India is in South Asia, on the so-called Indian subcontinent. Its neighbors are Pakistan (north-west), Afghanistan, China, Nepal, Bhutan (north), Bangladesh, Myanmar (east). 

Size: 3,287,000 km² (1,269,000 mi²) – 7th largest country in the world

The distance between the country’s northernmost and southernmost points is about 3,200 kilometers (2,000 miles), which is approximately the distance between London and Istanbul. 

Population: 1,373 million (2020), the second most populated country in the world (China being the first) 

About 50% of the population is under 25. 

Religion: Hindu 79.8%, Muslim 14.2%

Capital city: Delhi

Official languages: 22 official languages, but Hindi and English are the dominant languages - Hindi has its own alphabet (not Latin)

Even though English is an official language, only about 10% of the population speaks fluent English. (India was a British colony until 1947) 

India is a federal republic with 29 states and six union territories. 

Official currency: Indian rupee (INR)

Average net monthly salary: about 430 USD (2020)

In India, age, social standing and hierarchy play significant roles in everyday social interactions. Elderly people enjoy profound respect and superiors expect to be flattered by their subordinates. The caste system and its practices have been outlawed but they survived in many ways. 

Indians are very proud of their rich cultural heritage. Europe is very much respected while feeling superior to many South Asian people. 

More than a million Indians are millionaires, yet most Indians live on less than two dollars a day. An estimated 35% of India’s population lives below the poverty line.

In India, driving is on the left side. 

Most frequent surname: Devi 

About 30-40% of the population is vegetarian. 

Cows can be found freely wandering the streets. They are considered sacred and will often wear a tilak, a Hindu symbol of good fortune. Cows are considered one of humankind’s seven mothers because they offer milk, as does one’s mother. 

Public safety (2020): India is relatively safe for tourists. The most common types of crimes are theft, armed robbery and rape. 

My (female) friend was harassed in Delhi, not just verbally, but physically (she was groped). The kind of men in India who do that are sly, they only do the groping in a crowd. If that happens to you, do not hesitate to hit the guy, they are cowards and luckily the police will help you if they can since you are a foreign tourist.”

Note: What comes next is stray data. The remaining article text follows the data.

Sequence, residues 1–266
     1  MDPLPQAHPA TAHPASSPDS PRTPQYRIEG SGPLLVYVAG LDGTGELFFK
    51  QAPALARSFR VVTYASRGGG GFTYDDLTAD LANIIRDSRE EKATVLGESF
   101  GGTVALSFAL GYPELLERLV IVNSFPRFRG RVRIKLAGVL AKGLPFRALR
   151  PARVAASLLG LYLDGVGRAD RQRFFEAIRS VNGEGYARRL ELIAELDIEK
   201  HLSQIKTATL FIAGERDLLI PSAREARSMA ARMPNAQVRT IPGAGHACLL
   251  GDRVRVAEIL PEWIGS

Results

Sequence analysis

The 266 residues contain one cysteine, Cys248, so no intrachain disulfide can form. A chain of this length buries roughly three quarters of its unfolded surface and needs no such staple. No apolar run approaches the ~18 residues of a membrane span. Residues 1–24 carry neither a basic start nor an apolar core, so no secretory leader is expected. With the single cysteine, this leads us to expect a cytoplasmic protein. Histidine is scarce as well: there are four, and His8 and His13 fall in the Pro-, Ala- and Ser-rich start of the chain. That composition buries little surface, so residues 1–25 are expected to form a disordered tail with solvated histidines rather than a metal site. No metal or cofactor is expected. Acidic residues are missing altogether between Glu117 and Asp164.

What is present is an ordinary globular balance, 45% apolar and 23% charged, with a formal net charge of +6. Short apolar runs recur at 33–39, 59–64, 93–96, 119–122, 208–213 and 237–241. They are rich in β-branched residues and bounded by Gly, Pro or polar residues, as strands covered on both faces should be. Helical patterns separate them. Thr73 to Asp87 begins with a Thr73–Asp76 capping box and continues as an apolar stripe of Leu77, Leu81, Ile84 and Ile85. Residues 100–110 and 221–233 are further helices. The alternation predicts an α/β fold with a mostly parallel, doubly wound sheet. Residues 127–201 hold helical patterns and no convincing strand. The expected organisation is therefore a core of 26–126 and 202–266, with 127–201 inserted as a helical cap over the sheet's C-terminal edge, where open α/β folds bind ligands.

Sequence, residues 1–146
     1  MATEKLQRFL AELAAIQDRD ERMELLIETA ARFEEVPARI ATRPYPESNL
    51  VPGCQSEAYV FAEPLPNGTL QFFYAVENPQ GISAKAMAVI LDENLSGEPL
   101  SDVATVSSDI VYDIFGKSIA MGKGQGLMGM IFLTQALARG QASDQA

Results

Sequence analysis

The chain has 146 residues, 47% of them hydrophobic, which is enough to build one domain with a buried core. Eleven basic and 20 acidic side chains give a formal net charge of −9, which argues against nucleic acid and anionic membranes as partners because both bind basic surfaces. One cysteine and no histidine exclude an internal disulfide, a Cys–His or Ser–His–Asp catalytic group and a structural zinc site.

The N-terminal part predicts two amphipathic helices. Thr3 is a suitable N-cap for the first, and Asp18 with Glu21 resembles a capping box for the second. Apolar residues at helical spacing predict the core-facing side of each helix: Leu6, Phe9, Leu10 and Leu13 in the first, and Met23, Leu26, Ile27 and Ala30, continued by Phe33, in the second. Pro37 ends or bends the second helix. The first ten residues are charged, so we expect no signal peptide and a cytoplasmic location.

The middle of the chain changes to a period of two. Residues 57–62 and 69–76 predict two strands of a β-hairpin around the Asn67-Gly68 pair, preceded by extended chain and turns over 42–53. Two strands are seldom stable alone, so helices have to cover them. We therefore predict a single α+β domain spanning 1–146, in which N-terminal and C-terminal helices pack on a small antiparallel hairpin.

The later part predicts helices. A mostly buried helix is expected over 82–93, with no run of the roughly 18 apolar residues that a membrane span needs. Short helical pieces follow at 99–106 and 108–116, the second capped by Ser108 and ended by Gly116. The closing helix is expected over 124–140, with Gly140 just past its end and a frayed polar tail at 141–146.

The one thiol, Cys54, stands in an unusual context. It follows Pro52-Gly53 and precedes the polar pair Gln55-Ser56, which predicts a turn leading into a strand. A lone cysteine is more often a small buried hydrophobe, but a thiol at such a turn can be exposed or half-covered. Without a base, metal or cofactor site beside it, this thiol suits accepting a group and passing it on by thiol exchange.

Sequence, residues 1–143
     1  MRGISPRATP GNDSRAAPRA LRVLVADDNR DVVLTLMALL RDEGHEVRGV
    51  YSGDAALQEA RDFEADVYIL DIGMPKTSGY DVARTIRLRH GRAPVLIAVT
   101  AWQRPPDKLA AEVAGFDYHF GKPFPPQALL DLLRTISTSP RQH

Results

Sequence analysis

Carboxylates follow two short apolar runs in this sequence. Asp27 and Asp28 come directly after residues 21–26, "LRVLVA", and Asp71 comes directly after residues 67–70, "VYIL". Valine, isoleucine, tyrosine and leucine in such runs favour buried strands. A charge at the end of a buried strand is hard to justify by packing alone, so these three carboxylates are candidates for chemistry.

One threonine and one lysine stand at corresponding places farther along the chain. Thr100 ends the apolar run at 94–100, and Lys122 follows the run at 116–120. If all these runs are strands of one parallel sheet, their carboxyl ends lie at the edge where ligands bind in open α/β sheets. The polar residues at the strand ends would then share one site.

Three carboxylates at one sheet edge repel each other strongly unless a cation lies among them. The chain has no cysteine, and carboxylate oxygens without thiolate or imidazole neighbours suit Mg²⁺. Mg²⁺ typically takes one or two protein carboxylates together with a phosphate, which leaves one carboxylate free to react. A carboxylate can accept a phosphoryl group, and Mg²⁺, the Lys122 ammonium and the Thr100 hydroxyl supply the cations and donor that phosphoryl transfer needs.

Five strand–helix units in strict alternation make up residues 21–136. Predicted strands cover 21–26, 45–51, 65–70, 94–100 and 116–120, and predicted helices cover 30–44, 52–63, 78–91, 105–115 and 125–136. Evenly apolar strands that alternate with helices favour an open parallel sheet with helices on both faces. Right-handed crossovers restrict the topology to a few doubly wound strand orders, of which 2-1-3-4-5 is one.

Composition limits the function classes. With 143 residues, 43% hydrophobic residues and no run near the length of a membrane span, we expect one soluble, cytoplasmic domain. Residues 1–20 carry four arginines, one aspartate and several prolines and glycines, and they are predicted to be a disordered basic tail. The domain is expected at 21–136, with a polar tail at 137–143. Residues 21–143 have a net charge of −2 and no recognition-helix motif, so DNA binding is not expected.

Tourists are frequent victims of many types of scams. 

The best timing to visit India depends very much on what is included in your itinerary. For the Golden Triangle, the best time is October to March (the weather from May to June is too hot there)

Most frequented tourist attractions: The Golden Triangle (Delhi, Agra with Taj Mahal, Jaipur), Mumbai, Ajanta and Ellora Caves, Goa, Kerala, Darjeeling, Mysore (in Karnataka), Kashmir.


“Indian women are amazing. It’s already impressive enough that they can take a few meters of textile and wrap it around themselves in such a way that it becomes a poem in cloth – and all without a single stitch. And with what dignity they wear it! Just like their lot in life. They can maintain that posture – chest straight and chin proudly pointed – even when balancing a heavy load on their heads, or when they kneel on the concrete by the side of the road, washing their laundry by hand, or even sitting on the back seat of a motorbike, gracefully sidesaddle behind the male driver. Tucked away under their beautiful, vivid saris, they enliven and beautify even the dullest, grayest parts of the country. As bright points of color, they turn many Indian scenes into something reminiscent of an Impressionist painting.

India - old man - k-t. g. photo

India - portrait - k-t. g. photo

India - kids - s.b. photo

India - Varanasi - holy men - m.h. photo



India - Varanasi - Rana Mahal Ghat (17th century palace) at the bank of River Gange - d.p. photo